LION member spotlight: Westport Now
A Q&A with LION member Gordon Joseloff, publisher of Westport Now in Connecticut.
A Q&A with LION member Gordon Joseloff, publisher of Westport Now in Connecticut.
1. When did your site launch, what geography does it cover and why was it founded?
WestportNow.com launched in March 2003. It covers only Westport, Connecticut, an affluent community on Connecticut’s Gold Coast about 45 miles from New York City. Being a Westport history buff, I founded it because I wanted to create a digital history of the first few years of Westport in the 21st century. I was also frustrated by the existing online coverage of the community. Westport is where I began my journalism career at age 16 working summers for the now defunct weekly Westport Town Crier as a reporter-photographer, mainly covering town government. In 1993, I was among the initial investors in the Westport Minuteman weekly newspaper, mainly because I wanted it to be an early mover in online community publishing, but that did not happen. (“Why would anyone buy the paper if they can read it online?”)
2. What was your background before becoming an independent local news publisher?
In addition to working summers on the Westport Town Crier in high school, I also did radio work for WICC Bridgeport as its weekend airplane traffic reporter. (“Gordon Jay, on the air from the air for Salem cigarettes.”) I attended private school in New York during the school year, acting as WICC’s New York City correspondent and also as a correspondent for the audio news agency American Radio News. Most memorable coverage – attending JFK’s 1962 birthday party at Madison Square Garden where Marilyn Monroe sang “Happy Birthday.” I also was a regular with former President Harry Truman on his Manhattan morning walks.
At Syracuse University, I became a campus correspondent for United Press International (UPI), The New York Times, and the Dow Jones weekly publication National Observer. Later, I covered the city of Syracuse for UPI and the Times as well as the show business weekly Variety — in addition to being news director of WAER-FM, the campus station. During two summers in college I worked in the UPI Albany, New York bureau, and the last summer in its London bureau, having paid for my own travel.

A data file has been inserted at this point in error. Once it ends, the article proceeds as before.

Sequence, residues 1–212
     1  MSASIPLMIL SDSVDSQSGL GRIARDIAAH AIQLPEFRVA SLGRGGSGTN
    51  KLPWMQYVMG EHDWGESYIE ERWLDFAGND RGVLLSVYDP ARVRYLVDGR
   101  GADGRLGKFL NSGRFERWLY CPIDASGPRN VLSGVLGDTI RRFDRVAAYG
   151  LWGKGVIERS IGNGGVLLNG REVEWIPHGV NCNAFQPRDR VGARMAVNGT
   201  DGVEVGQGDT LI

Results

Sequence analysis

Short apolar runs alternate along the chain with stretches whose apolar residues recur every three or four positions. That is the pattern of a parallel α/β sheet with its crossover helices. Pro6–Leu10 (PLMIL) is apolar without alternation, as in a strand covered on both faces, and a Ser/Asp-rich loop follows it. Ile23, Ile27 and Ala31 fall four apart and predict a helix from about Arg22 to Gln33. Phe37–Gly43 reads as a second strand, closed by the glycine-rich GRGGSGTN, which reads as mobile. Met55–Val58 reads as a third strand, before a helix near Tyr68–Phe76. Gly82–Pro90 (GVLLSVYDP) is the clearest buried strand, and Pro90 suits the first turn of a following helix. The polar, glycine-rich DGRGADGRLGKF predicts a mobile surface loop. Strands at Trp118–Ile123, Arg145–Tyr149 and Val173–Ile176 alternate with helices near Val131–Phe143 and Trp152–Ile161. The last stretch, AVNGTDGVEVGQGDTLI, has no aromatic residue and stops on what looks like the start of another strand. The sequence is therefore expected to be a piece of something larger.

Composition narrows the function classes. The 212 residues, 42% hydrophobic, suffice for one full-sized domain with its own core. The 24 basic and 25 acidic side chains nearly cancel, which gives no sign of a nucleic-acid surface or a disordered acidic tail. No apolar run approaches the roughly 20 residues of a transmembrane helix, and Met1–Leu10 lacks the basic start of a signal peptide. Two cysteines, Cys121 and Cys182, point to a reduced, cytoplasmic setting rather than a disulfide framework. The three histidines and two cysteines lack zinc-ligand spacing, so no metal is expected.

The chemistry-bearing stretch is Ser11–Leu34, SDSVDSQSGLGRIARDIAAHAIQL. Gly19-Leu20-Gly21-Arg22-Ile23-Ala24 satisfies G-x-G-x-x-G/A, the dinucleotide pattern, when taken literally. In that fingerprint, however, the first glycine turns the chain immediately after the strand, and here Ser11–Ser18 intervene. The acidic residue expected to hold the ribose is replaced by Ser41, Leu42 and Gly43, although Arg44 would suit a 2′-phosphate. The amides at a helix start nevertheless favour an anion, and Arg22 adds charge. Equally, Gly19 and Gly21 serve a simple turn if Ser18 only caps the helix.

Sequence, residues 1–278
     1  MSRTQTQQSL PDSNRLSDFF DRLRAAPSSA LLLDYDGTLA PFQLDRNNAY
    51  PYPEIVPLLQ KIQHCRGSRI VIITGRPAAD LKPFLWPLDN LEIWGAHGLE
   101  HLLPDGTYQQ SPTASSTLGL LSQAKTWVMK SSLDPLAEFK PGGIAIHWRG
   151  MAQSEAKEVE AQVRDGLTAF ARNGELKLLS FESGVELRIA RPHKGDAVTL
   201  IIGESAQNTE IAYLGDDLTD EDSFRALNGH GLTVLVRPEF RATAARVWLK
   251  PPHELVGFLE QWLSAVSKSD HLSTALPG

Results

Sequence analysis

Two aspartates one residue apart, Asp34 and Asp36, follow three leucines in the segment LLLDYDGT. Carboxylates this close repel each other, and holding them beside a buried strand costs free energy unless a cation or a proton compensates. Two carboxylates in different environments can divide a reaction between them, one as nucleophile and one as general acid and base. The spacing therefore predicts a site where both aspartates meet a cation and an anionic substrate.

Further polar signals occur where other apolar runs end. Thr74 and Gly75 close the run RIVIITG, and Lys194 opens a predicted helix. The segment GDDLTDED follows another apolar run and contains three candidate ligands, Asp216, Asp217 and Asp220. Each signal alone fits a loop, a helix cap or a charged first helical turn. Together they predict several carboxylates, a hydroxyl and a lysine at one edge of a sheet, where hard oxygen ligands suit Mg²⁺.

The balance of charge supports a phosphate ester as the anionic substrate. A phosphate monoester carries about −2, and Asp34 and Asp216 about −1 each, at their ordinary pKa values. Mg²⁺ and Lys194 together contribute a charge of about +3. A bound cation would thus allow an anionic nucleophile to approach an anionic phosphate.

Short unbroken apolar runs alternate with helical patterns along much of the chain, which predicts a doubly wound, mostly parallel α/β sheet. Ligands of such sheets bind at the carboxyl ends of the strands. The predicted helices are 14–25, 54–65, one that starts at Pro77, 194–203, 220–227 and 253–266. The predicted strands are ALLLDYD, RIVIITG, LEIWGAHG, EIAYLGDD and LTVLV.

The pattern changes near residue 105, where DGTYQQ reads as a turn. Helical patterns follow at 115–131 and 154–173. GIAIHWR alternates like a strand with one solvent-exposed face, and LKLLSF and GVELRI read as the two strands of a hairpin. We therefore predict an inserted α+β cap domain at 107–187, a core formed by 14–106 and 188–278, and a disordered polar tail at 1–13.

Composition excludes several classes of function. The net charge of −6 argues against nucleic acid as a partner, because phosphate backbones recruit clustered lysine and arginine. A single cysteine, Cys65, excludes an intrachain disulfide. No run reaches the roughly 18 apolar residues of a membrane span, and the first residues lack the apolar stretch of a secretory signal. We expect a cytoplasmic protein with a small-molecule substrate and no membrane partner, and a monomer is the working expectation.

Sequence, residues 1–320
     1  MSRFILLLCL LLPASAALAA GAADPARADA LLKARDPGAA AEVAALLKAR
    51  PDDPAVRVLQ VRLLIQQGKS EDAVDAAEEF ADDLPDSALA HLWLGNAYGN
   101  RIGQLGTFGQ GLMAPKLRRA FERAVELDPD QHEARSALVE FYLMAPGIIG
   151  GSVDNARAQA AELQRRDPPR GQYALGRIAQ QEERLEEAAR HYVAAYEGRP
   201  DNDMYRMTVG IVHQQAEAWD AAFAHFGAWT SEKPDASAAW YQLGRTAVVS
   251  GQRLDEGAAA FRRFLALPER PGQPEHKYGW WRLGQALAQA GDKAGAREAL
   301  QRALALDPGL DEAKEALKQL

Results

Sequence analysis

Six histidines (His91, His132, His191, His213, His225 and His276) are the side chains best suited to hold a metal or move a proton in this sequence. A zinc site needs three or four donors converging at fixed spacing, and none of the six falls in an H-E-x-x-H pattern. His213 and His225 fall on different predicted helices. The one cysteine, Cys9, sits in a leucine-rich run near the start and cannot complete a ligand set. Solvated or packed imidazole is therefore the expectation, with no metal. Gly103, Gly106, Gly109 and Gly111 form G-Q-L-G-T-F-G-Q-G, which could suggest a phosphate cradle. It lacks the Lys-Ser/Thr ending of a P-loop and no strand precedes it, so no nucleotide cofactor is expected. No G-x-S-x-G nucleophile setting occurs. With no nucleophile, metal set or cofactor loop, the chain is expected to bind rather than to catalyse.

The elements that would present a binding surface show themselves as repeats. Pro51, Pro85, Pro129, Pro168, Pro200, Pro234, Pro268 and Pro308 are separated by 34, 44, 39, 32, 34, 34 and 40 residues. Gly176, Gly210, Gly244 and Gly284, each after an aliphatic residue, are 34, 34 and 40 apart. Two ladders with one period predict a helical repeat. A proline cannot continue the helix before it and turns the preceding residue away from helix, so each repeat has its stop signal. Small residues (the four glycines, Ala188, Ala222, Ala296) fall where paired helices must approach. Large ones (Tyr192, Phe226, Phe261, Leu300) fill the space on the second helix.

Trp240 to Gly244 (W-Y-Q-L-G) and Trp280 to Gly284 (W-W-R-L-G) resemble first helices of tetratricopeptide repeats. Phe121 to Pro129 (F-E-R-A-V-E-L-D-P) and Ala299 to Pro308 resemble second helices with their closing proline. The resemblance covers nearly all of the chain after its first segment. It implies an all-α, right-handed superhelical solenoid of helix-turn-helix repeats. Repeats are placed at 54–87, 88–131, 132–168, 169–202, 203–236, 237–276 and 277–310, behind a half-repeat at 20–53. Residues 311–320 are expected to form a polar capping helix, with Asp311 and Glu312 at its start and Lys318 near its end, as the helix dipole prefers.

Enjoying working and living in London, upon graduation I accepted a job offer from UPI, turning down one also from the Times. (I figured getting back overseas was likely to happen sooner with UPI.) I spent three years at UPI New York, covering local stories, working rewrite on the cables (foreign) desk and the national desk. In 1970, I transferred to UPI London where I became overnight news editor for Europe, Middle East, and Africa. I was sent to UPI Moscow on vacation relief (I had studied Russian in college) and in early 1972 was transferred there on a three-year assignment. I also became a stringer there for Time magazine, People, and correspondent for Variety. In 1975, CBS News offered me a job as a newswriter in New York. I soon was writing for Walter Cronkite, Bob Schieffer, and Dan Rather, among others. Cronkite took a liking to me because he had also worked in Moscow for my former boss (Henry Shapiro), while was working there years earlier for then United Press.
In 1979, CBS asked me to return to Moscow. I spent two years as CBS Moscow correspondent/bureau chief, covering dissidents, the Soviet invasion of Afghanistan, and subsequent U.S. boycott of the 1980 Moscow Olympics, among other stories. In 1981, I transferred to Tokyo and my territory was the entire Far East. As correspondent and then bureau chief/producer, I covered everything, including the overthrow of President Marcos in the Philippines, the Soviet shoot down of Korean Air flight KAL007, the assassination of Prime Minister Indira Gandhi of India (for which I won an Emmy Award), street riots in Bangkok and Seoul, and the death of Emperor Hirohito of Japan. In 1989, I transferred to CBS News New York, where I was a senior producer, among other things working on coverage of the first Gulf War, and installation of a new CBS News computer system.
I left CBS News in 1991, and two years later joined Simba Information in Wilton, Connecticut, a newsletter publishing house. There, I founded the Cowles/Simba Media Daily, the first online-only publication about new media efforts that ran exclusively on AOL.
I then became a freelance writer while continuing to volunteer as firefighter, emergency medical technician, and elected member of Westport’s legislative body (positions I could only assume after leaving CBS.) I served 10 years as head of Westport’s legislature, and in 2005 was elected first selectman (mayor). I had not aspired to the job, but was persuaded to take it on by my predecessor. I was re-elected to a second four-year term in 2009. During this time, I remained publisher of WestportNow. (I told people I was just like Mike Bloomberg, but he had more money.) Editorial operations were taken over by editors. I was very careful not to play favoritism with WestportNow or pass along tips, (but this did not stop competitors from suggesting such.) Upon leaving office in 2013, I once again assumed the editor position in addition to publisher.